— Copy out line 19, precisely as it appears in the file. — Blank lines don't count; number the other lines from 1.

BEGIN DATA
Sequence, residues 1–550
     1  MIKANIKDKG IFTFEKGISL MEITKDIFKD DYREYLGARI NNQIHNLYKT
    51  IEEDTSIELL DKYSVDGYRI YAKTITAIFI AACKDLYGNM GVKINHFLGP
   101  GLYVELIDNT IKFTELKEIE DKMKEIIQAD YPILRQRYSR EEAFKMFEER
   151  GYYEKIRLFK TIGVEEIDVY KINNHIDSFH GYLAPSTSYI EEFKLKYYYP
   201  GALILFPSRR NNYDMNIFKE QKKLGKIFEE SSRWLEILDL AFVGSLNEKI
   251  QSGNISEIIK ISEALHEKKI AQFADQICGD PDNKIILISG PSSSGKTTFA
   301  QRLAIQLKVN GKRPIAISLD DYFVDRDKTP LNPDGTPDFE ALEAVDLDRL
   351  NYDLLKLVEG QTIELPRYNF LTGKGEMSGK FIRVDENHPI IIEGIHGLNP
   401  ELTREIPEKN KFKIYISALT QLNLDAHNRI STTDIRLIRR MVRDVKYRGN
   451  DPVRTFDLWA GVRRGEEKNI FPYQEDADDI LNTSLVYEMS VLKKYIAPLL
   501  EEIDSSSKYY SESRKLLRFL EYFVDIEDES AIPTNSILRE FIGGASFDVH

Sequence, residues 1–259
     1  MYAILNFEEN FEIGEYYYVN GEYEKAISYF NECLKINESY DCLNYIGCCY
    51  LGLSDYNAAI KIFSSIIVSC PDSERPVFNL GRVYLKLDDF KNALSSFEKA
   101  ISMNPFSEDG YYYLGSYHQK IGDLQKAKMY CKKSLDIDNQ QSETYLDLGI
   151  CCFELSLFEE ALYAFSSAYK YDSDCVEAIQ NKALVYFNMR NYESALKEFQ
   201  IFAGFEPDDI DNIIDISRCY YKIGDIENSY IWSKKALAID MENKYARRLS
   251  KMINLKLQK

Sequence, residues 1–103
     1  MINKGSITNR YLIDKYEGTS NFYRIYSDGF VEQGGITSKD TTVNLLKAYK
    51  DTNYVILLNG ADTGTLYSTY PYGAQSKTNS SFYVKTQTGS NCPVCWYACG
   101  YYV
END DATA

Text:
   251  KMINLKLQK